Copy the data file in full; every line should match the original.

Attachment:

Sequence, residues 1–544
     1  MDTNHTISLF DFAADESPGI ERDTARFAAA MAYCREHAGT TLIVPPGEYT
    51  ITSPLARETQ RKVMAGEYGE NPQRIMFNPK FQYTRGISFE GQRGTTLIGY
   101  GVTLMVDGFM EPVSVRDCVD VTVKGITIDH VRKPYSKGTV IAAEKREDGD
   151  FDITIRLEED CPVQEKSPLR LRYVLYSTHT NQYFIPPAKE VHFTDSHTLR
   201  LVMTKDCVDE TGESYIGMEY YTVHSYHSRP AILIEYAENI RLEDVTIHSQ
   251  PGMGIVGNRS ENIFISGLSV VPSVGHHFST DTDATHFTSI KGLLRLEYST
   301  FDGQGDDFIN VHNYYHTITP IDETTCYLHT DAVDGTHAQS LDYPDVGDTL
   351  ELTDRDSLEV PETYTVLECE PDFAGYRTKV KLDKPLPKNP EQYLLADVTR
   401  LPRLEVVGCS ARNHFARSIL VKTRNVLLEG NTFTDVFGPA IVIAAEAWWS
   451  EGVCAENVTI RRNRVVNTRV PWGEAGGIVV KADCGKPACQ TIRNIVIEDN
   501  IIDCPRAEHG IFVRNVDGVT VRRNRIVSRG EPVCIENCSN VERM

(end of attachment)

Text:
Sequence, residues 1–544
     1  MDTNHTISLF DFAADESPGI ERDTARFAAA MAYCREHAGT TLIVPPGEYT
    51  ITSPLARETQ RKVMAGEYGE NPQRIMFNPK FQYTRGISFE GQRGTTLIGY
   101  GVTLMVDGFM EPVSVRDCVD VTVKGITIDH VRKPYSKGTV IAAEKREDGD
   151  FDITIRLEED CPVQEKSPLR LRYVLYSTHT NQYFIPPAKE VHFTDSHTLR
   201  LVMTKDCVDE TGESYIGMEY YTVHSYHSRP AILIEYAENI RLEDVTIHSQ
   251  PGMGIVGNRS ENIFISGLSV VPSVGHHFST DTDATHFTSI KGLLRLEYST
   301  FDGQGDDFIN VHNYYHTITP IDETTCYLHT DAVDGTHAQS LDYPDVGDTL
   351  ELTDRDSLEV PETYTVLECE PDFAGYRTKV KLDKPLPKNP EQYLLADVTR
   401  LPRLEVVGCS ARNHFARSIL VKTRNVLLEG NTFTDVFGPA IVIAAEAWWS
   451  EGVCAENVTI RRNRVVNTRV PWGEAGGIVV KADCGKPACQ TIRNIVIEDN
   501  IIDCPRAEHG IFVRNVDGVT VRRNRIVSRG EPVCIENCSN VERM